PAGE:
Panel criticizes DHS over passport backlog

Scripps Howard Foundation Wire WASHINGTON -- The backlog of passport applications is a "national embarrassment," an influential House member told administration officials at a hearing Wednesday. Members of the House Committee on Foreign Affairs c...

Scripps Howard Foundation Wire

WASHINGTON -- The backlog of passport applications is a "national embarrassment," an influential House member told administration officials at a hearing Wednesday.

Members of the House Committee on Foreign Affairs criticized what they called poor planning for new passport rules that caused huge backlogs and long lines of hysterical travelers trying to get passports in time for long-planned trips.

A law passed in 2004 that went into effect in January requires U.S. citizens and those from Canada, Mexico and Bermuda to have passports to enter the U.S. Previously, other forms of identification were acceptable for trips to those countries and the Caribbean.

The law has caused an unprecedented influx of passport applications.


Representatives of the departments of State and Homeland Security told the committee they have worked as diligently as possible to fix the problem. But committee members said it is simply not enough.

Rep. Tom Lantos, D-Calif., the committee chair, called the passport backlog a "national embarrassment." He said the administration allowed the problem to escalate despite knowing about the influx three years in advance.

Lantos said U.S. citizens, many of whom have called congressional offices to complain, should not have to forgo their travel plans if they did their part to comply with the law.

"The U.S. passport system is broken, and the Americans are paying a painful price," Lantos said. "This is not brain surgery. It is merely a matter of proper planning and sufficient personnel."

State Department and DHS officials said they have worked together to increase the number of passport personnel and find more space for them to work in. But they admitted the administration underestimated passport demand.

Maura Harty, assistant secretary of state for consular affairs, said the two departments projected passports demand to increase by 4 million over the 12 million issued yearly. The demand has approached and may exceed 18 million by year's end.

Harty said many passport applicants are applying for the documents to "prove they are citizens," even though they have no travel plans.

"We failed to project the amount of passport demands in a compressed time," Harty said, adding the agencies are trying to "make it easier for Americans to come see us."


To relieve pressure on the system, the administration announced last month that U.S. citizens traveling to Canada, Mexico, the Caribbean and Bermuda who applied for but have not received their passports will be permitted to travel with proof of their passport application and authorized identification until Sept. 30.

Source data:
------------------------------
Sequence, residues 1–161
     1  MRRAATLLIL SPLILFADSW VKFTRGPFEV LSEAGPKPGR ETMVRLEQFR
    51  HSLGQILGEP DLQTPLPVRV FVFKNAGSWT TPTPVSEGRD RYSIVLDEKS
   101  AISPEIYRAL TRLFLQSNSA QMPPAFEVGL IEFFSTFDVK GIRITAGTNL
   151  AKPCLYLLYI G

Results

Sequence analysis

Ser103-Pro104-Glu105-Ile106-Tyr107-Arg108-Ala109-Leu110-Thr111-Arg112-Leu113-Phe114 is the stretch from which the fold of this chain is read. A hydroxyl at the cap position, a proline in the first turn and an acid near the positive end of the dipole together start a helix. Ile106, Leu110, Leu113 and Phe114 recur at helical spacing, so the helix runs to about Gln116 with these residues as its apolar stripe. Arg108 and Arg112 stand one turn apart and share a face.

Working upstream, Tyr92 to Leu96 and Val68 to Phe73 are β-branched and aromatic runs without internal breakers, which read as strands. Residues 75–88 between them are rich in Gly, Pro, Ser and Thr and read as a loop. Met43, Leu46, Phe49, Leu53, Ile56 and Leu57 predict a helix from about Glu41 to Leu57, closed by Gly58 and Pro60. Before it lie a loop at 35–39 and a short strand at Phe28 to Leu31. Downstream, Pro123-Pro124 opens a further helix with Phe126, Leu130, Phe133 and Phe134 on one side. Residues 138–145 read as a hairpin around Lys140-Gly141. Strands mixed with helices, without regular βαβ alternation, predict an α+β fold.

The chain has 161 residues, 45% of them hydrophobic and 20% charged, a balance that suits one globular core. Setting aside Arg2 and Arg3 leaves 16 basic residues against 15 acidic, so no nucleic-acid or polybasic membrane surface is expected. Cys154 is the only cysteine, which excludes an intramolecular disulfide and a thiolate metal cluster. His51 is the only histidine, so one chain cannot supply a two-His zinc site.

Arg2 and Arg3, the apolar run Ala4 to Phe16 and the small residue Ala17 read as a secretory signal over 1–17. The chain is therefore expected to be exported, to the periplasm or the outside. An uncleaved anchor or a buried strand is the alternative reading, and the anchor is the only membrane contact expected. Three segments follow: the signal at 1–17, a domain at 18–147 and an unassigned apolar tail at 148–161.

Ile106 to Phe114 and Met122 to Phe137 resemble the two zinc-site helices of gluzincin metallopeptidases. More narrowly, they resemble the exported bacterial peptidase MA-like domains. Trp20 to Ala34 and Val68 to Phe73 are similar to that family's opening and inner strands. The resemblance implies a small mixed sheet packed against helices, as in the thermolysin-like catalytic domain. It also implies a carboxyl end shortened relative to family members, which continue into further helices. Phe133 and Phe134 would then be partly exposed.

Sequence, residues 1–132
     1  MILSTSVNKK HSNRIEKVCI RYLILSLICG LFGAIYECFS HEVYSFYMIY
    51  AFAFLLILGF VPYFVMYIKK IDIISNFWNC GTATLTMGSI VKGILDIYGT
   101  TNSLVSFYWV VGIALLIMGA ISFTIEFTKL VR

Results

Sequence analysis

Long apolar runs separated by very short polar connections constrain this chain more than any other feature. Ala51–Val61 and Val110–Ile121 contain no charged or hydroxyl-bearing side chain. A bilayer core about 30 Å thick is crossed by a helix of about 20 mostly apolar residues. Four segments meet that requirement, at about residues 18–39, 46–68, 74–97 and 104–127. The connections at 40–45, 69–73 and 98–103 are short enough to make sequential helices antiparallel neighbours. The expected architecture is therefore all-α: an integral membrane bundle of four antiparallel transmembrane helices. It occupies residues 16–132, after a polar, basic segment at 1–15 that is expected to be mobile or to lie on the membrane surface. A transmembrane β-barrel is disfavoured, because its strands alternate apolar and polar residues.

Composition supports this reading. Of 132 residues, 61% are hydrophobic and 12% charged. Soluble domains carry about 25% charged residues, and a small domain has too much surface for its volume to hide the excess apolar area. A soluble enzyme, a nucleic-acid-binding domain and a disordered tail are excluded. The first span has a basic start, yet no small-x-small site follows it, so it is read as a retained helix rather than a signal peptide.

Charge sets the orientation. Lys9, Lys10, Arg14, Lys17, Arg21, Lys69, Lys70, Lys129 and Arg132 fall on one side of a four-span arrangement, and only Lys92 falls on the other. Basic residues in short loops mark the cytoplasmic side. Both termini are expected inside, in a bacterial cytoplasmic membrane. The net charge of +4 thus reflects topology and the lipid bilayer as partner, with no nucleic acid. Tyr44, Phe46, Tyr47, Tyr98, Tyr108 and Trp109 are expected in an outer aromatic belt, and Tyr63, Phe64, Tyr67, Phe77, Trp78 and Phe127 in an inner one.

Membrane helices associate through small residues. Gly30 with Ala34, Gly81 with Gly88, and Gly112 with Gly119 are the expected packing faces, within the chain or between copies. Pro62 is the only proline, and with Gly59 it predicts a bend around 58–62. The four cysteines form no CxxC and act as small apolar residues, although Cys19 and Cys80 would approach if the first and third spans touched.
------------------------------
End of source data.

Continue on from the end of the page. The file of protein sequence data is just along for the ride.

Rep. Brad Sherman, D-Calif., suggested phasing in the new requirements over a longer time instead of seeking help from other agencies as the passport office is now doing.

"You could have said, 'Oops, our bad, you don't need a passport to go to Canada and Mexico until 2009,'" Sherman said.

Paul Rosenzweig, DHS assistant secretary for policy, said that, although Sherman's suggestion might seem ideal to fix the problem, the administration wants to enforce the law for the sake of national security, which was the primary reason for the law.

"The disruption of other departments is trivial," Rosenzweig said. "The question is, what is the cost of delaying this program for national security? The program has more benefits for securing the nation."

Committee members urged the State Department and DHS to increase the number of diplomatic security investigators to prevent passport fraud and increase national security.

Rep. Edward R. Royce, R-Calif., said the Bureau of Consular Affairs' reports of passport fraud seem low compared to the increased passport demand. Two out of every 10,000 passports are reported to Diplomatic Security as fraudulent, mainly people applying under someone else's name.

"We have 129 diplomatic security agents. That number has not gone up," Royce said. "We should be able to serve the American people in a timely manner and ensure their security."


Committee members also urged the administration to accommodate people who paid $60 extra to expedite their passports but have not received them quickly.

Harty said the administration is willing to accommodate any unsatisfied applicants and will handle refunds on a case-by-case basis, and any passport problems that arise before Sept. 30 will be addressed in a timely manner

"We do not want to get into this situation again," Harty said.

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